I’m going to put this bluntly: Go see the Aaron Swartz documentary, The Internet’s Own Boy. Freedom of speech, forward progress in science and technology, grassroots democracy, prodigious and passionate talent, this is an important film.

In the movie Swartz’s partner quotes him as asking the question, Are you doing what you think is the most important thing you can possibly do with your life? 

And speaking of NSA, think you’re not on the list? Corey Doctorow investigates how people like me, who read articles about online security on sites like boingboing, absurdly become targets of NSA surveillance.

Confused about Internet Neutrality? Boingboing presents a beautiful comic by Michael Goodwin, of Economix Comix, that explains it all.

When grief wraps too tight I have two reactions: paralysis, or stripping the gears. I don’t know why it bifurcates that way. Sometimes I desperately want to retreat to the elusive cave in the mountains and close out the world. Other times I get too fired up, like the other day, when I couldn’t sit still so I took myself walking through the city and apparently, my mind was not in precisely the same location as my feet, because they [my feet] missed a curb on Massachusetts Avenue and I went flying.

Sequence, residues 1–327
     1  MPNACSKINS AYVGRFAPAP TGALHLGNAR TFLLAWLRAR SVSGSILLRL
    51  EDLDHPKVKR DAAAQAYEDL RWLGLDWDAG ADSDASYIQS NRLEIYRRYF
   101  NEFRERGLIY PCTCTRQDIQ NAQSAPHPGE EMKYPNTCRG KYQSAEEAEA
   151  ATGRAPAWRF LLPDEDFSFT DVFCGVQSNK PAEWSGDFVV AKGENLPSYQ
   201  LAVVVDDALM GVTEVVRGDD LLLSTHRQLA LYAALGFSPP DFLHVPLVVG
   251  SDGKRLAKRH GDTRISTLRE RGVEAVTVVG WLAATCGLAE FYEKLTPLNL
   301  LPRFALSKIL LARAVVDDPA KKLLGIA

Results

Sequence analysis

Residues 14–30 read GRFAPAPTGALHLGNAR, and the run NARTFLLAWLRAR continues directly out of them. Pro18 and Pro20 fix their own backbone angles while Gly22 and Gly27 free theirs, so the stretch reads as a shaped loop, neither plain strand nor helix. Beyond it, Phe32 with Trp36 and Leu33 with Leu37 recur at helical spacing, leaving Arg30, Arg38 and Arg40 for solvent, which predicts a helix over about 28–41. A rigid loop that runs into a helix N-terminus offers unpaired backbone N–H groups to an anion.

Coulda been worse (BTDT). Reminded me of what a shaman I know always says at the end of a journeying circle–which if you’re not familiar (and why should you be?) is a meditative activity that induces varying levels of trance states in participants. Neal likes to say, Be sure you get back in your body before you get back in your car.

So it turns out, it’s more than a Buddhist concept, the notion of being present to the moment. Sometimes it’s a matter of life and limb.

About Blooks: Discovering the book as object.

Did I mention how much I loved Neil Gaiman’s The Ocean at the End of the Lane?

Shall we talk about the heartbreak of the middle east? Guess what happened when Stephen Elliot wrote, in his Daily Rumpus email, that Israel should stop bombing Gaza.

Gaiman journaled about his trip this spring to a refugee camp in Jordan, on behalf of UNHCR, telling about a child-friendly space in Azraq camp where kids who had arrived traumatized and silent now played and laughed again: “That room full of noisy kids was the best place in the world.”

with love,